Recent data shows that more first-generation and male students are returning after their freshmen years to pursue their degrees, with each showing a 5% retention bump from 2021 to 2022. WVU has also seen a 3.3% increase in retention among students from historically marginalized backgrounds.

In addition, new academic initiatives that launched over the past year are already showing positive results, helping students on their academic journeys from start to finish.

The new REACH Center, which is supported in part by the Claude Worthington Benedum Foundation, provides support and guidance to many first-time freshmen, transfers, first-generation and Pell-eligible students. Since opening its doors in September, the Center has worked with more than 6,000 undergraduates through targeted outreach, mentorships, success coaching and tutoring appointments. The site has also held more than 240 in-person visits where students access free loaner laptops, school supplies, textbook assistance and printing services.

Meanwhile, the Mountaineer Completion Grant Program is helping seniors whose financial circumstances have changed at the start of their final year of study. Thanks to funding support from the Maier Foundation, 155 students have received between $1,000 and $5,000 this semester to help them remove the financial barriers to completing their degree on time.

Associate Provost for Undergraduate Education Evan Widders also attributes the 24/7 AI chatbot, Morgan, and the state-of-the-art Testing Center for helping the University “get smarter” with student interactions.

“These smart resources are meeting students where they are through text messaging and the latest technology, offering academic guidance in real-time, on their time,” Widders said. “And thanks to the Testing Center resources, we are also seeing an annual decline in academic integrity violations, leading to the 2022-23 academic year realizing record lows in students reported for academic dishonesty and repeat offenses.”

According to the University’s first director of advising, Joy Carr, recent shifts in academic advising are demonstrating improvements in the student’s advising experience, as well.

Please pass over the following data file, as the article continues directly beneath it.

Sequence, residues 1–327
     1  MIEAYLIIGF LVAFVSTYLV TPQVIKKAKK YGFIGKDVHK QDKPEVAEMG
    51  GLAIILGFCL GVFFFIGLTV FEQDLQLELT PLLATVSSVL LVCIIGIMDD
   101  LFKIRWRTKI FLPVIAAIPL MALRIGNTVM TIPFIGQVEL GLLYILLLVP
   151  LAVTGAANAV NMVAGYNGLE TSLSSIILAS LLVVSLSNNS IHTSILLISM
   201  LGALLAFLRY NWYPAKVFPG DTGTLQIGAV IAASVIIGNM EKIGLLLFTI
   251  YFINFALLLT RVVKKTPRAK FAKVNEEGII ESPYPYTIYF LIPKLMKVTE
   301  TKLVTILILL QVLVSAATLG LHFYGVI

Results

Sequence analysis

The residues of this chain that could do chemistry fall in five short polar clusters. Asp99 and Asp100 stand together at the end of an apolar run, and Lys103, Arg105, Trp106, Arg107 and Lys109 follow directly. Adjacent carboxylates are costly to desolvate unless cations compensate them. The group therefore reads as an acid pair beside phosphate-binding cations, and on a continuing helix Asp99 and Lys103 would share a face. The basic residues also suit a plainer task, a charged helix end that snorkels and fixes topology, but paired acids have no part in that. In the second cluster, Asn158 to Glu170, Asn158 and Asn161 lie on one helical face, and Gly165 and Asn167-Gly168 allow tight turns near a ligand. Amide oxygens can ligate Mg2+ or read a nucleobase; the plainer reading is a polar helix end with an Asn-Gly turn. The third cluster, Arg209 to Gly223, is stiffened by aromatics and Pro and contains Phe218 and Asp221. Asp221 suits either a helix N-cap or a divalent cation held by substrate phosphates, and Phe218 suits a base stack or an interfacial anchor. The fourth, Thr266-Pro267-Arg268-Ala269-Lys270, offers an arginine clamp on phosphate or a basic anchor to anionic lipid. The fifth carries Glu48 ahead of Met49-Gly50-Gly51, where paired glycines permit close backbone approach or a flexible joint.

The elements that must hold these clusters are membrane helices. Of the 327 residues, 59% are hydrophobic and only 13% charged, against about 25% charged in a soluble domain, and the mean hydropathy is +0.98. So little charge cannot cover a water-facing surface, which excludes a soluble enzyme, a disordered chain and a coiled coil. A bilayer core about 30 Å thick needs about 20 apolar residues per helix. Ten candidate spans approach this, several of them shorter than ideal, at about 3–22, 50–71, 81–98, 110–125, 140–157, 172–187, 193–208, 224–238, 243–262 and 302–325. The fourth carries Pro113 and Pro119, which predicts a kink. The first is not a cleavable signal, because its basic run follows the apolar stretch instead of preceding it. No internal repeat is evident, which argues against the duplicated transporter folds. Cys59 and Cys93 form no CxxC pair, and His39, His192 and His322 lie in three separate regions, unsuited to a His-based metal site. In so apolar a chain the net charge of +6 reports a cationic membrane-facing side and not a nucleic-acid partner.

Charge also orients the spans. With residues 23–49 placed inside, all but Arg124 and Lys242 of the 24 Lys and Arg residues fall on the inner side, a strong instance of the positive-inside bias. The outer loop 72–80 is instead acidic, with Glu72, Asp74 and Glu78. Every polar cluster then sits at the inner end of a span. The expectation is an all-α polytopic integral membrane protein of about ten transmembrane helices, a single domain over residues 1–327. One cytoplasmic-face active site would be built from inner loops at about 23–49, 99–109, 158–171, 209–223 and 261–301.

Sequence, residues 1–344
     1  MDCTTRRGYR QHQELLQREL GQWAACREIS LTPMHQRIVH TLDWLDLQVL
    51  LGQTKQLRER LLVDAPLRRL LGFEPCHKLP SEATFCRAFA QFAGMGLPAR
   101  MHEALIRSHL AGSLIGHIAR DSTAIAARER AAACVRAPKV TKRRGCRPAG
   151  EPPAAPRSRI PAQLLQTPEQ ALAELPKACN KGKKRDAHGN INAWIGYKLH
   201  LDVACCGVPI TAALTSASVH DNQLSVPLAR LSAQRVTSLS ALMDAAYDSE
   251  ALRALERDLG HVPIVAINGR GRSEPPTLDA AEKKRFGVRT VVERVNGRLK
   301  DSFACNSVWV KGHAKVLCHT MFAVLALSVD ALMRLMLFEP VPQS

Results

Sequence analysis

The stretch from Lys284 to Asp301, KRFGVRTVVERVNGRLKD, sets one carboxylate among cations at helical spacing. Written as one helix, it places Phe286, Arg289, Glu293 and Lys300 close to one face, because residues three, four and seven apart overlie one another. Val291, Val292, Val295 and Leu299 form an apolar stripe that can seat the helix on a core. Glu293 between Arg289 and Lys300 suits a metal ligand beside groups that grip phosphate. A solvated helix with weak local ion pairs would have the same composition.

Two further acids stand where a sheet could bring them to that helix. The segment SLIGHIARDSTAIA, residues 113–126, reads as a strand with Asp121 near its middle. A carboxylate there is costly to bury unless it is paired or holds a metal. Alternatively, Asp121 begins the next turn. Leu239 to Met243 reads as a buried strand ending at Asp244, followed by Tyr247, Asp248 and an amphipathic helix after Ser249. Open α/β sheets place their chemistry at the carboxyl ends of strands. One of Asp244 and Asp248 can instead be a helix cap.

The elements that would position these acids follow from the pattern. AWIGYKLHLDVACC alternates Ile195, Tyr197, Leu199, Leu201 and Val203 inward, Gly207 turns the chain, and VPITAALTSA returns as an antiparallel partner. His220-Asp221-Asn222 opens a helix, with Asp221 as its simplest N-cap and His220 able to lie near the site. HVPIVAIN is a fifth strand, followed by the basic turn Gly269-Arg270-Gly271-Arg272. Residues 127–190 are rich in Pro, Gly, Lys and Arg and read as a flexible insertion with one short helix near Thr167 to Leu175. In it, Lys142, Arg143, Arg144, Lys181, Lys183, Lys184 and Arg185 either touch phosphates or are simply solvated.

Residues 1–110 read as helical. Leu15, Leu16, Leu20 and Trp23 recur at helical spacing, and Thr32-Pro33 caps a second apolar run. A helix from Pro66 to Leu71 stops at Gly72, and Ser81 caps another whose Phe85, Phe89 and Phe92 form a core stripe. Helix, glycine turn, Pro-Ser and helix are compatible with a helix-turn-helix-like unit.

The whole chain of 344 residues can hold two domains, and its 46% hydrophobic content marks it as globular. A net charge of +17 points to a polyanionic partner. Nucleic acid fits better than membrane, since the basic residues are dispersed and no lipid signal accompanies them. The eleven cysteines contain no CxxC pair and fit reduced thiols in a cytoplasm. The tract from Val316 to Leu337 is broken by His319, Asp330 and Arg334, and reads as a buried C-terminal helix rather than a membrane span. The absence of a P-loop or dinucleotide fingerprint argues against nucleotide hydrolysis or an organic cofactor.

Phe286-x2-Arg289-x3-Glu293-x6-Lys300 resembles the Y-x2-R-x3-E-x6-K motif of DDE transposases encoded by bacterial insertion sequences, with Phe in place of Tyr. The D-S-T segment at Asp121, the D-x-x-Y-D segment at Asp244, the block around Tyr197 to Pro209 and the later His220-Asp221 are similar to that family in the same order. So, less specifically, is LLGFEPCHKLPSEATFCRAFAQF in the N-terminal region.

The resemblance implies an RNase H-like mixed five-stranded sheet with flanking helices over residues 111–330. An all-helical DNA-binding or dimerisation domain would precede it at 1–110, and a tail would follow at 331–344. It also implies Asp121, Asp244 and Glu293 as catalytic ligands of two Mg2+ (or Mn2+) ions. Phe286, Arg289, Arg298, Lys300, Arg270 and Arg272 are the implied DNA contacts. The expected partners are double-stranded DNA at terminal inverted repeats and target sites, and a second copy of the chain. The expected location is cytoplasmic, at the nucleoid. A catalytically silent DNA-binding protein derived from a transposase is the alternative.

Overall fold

Carr explains the move for WVU toward a coordinated, data-driven advising model is rendering greater consistency in adviser training, data collection and assessment to better support students.

“Our efforts to improve standards and communications, unify processes and build community among advisers systemwide are helping students receive professional, accessible and empathetic guidance to chart their path toward graduation and beyond,” Carr said. “The shift also frees up faculty to focus more on student scholarship, mentorship and purpose work.”

President Gordon Gee said the full WVU experience — fueled by purpose, life-long learning, self-discovery and overcoming challenges — is what differentiates Mountaineers.

“Each of us plays an important role in helping our students succeed,” Gee said. “As purpose work continues to become part of the fabric of West Virginia University, so too will our focus on student success and retention. From interactions in the dining hall, to success coaching with a peer mentor to faculty interactions in the classroom, every interaction matters when we look at fulfilling each student’s journey and, in turn, increasing retention efforts. We are all part of the framework that nurtures the student experience.”